The exam consists of a written section: text analysis, essay and listening comprehension. Plus an oral examination. A passing grade is broken up into ‘very good’, ‘good’ or ‘satisfactory’. I would of course be quite satisfied with satisfactory, if there is a chance that I can get it!
When I am more familiar with the exam itself, I can see what chance I have of passing it and what to aim for. I want to at the very least get quite a good grade in the oral section, even if I don’t achieve an overall pass. That alone will require huge amounts of work, and I intend to do my best in the other sections too, of course.
The Goethe Institut recommends 1,200 hours of advanced tutorials, but this will be nothing more than a part-time fun project for me (as the Spanish DELE was). I’ll also be working full time, and even trying to write a language hacking guide which will include several books and audio interviews, as well as trying to have an active social life and going out with Germans . So, I may be aiming way too high this time! But, I tend to do that a lot – it’s good to aim for the stars even if you just land on the moon
I’ll do the same things I did with the DELE to give myself the best chance of passing this exam, and of course will share all the tips and progress (and result, no matter what it may be…) on this blog
Convincing Germans that I’m German
The more fun part of this mission will be something similar to what I achieved with my Portuguese in Rio; I want to meet a native for the first time and talk to them, and have them genuinely and honestly think that I’m also German for up to 30 seconds. 30 seconds may not sound impressive, but this is a very long time to be in an active conversation and not slip up, especially considering my time limit of 3 months to do so.
This mission will involve me speaking German fluently first, then reducing my accent to be as imperceptible as possible, while adapting to German body language and mannerisms as accurately as I can. I will consider this part of the mission a success if several different people that I’ve just been introduced to, who don’t know me, thought that I was German before noticing a mistake, 30 seconds or more after the conversation has begun.
I don’t want to convince any linguists; just random people that I meet naturally in social events.
I’ve been told that the Berlin accent is hard to pinpoint and that many Germans in Berlin aren’t even from the city. I’ll work toward standard German, but I’ll be focussing on the northern dialect that would be expected more in Berlin, to have a specific dialect to aim for.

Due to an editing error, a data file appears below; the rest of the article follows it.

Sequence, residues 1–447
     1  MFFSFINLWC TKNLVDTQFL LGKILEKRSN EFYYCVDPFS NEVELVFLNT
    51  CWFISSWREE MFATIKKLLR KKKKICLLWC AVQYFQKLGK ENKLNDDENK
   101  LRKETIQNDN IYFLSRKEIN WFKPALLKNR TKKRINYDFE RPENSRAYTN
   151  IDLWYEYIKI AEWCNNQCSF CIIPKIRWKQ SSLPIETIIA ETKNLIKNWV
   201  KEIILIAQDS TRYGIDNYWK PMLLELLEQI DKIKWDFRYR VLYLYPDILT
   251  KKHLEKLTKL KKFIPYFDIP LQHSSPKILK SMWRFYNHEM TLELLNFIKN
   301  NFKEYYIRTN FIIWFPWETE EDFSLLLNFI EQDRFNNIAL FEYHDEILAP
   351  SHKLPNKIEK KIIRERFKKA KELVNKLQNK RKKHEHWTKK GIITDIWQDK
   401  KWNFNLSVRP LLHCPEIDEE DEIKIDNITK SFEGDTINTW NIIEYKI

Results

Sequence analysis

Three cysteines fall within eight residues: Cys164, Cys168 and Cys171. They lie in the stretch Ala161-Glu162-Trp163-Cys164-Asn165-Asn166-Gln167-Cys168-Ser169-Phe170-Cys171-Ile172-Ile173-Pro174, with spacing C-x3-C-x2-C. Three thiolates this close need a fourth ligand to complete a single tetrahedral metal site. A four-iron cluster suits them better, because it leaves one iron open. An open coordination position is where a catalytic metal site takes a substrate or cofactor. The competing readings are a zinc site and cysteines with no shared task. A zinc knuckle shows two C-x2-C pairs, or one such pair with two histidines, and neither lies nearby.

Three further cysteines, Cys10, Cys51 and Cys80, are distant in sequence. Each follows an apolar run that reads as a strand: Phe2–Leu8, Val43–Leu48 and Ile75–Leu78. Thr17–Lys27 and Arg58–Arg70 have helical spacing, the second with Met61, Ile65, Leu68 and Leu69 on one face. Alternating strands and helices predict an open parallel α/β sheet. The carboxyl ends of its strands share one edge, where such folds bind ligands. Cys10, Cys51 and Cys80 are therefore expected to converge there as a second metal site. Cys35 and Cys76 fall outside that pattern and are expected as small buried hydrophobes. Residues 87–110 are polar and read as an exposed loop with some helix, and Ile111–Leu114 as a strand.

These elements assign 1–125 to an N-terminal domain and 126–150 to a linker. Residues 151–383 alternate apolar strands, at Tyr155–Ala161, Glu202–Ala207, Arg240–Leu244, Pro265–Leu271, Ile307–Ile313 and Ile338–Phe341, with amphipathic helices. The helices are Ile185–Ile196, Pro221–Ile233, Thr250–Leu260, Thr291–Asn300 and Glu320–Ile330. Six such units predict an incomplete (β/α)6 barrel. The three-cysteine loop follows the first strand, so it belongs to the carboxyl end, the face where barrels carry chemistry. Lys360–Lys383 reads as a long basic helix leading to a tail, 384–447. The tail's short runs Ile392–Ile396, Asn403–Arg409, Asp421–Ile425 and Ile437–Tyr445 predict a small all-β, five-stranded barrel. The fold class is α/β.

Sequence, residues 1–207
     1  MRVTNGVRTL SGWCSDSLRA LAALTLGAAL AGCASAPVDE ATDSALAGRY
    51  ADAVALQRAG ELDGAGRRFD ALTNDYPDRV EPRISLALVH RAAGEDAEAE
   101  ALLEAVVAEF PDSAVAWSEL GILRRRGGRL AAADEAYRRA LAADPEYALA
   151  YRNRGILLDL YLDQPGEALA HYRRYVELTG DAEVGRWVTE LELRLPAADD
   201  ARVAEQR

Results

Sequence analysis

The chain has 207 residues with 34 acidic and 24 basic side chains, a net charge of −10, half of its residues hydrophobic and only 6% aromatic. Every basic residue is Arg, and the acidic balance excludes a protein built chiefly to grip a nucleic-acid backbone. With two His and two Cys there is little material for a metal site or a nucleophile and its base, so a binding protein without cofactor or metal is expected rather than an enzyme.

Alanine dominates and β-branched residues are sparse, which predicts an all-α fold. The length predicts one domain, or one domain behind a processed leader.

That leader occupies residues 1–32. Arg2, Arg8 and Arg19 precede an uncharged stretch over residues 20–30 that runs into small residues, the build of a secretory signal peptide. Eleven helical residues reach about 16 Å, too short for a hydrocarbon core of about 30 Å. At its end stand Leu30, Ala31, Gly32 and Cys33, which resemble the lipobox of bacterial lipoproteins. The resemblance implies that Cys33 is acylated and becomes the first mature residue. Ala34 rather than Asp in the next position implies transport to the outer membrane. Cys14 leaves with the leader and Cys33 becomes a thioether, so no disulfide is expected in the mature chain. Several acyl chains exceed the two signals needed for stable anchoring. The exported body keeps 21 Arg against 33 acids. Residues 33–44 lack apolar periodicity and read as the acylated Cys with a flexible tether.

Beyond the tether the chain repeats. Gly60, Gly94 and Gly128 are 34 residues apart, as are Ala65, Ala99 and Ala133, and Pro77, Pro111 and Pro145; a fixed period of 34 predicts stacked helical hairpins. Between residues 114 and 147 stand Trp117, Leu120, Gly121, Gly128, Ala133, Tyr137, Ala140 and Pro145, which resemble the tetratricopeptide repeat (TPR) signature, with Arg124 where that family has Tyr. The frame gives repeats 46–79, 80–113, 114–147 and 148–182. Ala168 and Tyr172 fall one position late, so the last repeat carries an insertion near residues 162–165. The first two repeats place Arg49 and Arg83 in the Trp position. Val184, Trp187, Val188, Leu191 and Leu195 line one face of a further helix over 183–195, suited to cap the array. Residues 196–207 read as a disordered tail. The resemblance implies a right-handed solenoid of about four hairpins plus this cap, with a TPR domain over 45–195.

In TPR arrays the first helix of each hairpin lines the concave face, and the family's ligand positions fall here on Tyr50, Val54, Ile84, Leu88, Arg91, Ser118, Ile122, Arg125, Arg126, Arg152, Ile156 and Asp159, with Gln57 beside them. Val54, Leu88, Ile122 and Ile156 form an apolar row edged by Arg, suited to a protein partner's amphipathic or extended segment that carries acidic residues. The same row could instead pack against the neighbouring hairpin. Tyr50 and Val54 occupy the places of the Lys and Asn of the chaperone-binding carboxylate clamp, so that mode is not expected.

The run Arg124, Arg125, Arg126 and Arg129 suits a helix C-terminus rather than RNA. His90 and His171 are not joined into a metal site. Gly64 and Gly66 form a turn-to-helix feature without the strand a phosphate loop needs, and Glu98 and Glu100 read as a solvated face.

Considering the fact that I don’t speak German right now, this should be interesting
The great input experiment
Since vocabulary is a big weakness for me in my German right now, I will be changing my social learning approach slightly and trying some input learning techniques that so many of the site’s readers have gotten a lot out of!
I will be reviewing many different input techniques from a language hacking perspective. I want to know what way I can learn words the quickest and the most efficiently, and of course which one is the most fun! I’ll be trying out SRS, Livemocha, podcasts and several other methods, each one just by itself for 1-2 weeks and reviewing them for how good they fit in with my idea of language hacking.
Some parts of my reviews will go on the blog, more details will be included in the weekly language hacking league tips e-mail (sign up on the right) and the most important parts of my analyses will be a part of the guide. I’m also hoping to conduct audio interviews with those most familiar with these techniques, to include with other interviews in the guide. Hopefully I will find something that works well with what I do already, and I’m sure that my reviews will come in handy for people as I give the advantages and disadvantages of the methods as I see them, so a reader could pick one that that suited them best. All methods that I will be investigating will be free or very inexpensive.
So, join me over the next 3 months as I try to become a Berliner!
Do share your thoughts on this next mission! Do you think I’ll manage to convince Germans that I am German? Am I crazy to want to do the C2 examination? How do you think the input experiment will go? Let me know what you think in the comments!!
Enter your email in the top right of the site to subscribe to the Language Hacking League e-mail list for way more tips sent directly to your inbox!
If you enjoyed this post, you will love my TEDx talk! You can get much better details of how I recommend learning a language if you watch it here.
This article was written by Benny Lewis